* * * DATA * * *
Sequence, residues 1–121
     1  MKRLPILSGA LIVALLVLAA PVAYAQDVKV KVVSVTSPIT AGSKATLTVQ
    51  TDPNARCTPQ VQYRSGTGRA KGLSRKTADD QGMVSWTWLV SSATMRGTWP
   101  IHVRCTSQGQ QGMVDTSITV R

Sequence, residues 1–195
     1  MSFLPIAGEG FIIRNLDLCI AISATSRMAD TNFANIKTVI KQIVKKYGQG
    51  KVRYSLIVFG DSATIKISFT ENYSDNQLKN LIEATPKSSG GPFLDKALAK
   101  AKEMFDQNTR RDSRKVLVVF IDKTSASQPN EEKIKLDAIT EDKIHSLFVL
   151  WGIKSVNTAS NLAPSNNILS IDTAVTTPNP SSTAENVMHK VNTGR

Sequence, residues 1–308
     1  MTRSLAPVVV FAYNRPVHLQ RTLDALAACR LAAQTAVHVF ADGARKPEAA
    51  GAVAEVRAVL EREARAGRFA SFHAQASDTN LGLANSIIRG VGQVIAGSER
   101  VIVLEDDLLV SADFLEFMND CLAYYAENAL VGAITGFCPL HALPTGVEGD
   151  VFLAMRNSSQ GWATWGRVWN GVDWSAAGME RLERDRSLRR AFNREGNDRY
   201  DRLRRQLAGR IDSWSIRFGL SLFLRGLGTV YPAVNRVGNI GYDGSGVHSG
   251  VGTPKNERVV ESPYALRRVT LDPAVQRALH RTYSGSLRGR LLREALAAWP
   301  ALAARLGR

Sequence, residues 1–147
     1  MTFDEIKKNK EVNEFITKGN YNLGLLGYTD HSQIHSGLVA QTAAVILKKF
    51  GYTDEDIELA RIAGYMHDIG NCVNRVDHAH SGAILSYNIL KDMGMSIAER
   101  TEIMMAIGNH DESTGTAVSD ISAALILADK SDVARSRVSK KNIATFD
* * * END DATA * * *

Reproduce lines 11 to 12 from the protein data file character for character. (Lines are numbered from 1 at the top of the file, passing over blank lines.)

     1  MTRSLAPVVV FAYNRPVHLQ RTLDALAACR LAAQTAVHVF ADGARKPEAA
    51  GAVAEVRAVL EREARAGRFA SFHAQASDTN LGLANSIIRG VGQVIAGSER